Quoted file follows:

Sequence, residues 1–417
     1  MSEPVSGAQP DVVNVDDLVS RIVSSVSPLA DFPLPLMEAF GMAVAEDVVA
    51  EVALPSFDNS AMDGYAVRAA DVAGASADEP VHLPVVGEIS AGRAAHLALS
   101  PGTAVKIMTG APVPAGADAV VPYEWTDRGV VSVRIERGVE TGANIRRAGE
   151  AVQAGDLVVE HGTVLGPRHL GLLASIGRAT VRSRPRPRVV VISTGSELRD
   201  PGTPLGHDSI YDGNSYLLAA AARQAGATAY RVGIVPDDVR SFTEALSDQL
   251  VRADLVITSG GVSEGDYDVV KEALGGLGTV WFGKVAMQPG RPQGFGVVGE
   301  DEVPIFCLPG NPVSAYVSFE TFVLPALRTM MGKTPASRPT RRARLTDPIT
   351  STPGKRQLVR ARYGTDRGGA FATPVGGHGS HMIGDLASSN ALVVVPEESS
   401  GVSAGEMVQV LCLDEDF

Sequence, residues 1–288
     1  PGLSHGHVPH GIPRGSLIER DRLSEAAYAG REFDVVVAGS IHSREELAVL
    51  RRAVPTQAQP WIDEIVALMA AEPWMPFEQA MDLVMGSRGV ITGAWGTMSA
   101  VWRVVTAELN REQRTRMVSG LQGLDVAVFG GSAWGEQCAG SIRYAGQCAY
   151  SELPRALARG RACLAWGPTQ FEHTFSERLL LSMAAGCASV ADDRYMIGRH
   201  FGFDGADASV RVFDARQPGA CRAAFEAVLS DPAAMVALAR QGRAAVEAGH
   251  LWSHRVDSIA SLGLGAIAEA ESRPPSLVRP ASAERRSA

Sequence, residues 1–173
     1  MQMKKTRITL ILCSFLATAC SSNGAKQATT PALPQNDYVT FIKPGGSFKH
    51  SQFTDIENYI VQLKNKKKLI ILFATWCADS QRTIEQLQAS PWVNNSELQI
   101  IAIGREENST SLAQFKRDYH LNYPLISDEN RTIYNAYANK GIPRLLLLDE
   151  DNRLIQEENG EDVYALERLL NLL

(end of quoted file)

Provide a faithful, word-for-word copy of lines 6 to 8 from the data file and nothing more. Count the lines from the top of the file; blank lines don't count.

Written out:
   201  PGTPLGHDSI YDGNSYLLAA AARQAGATAY RVGIVPDDVR SFTEALSDQL
   251  VRADLVITSG GVSEGDYDVV KEALGGLGTV WFGKVAMQPG RPQGFGVVGE
   301  DEVPIFCLPG NPVSAYVSFE TFVLPALRTM MGKTPASRPT RRARLTDPIT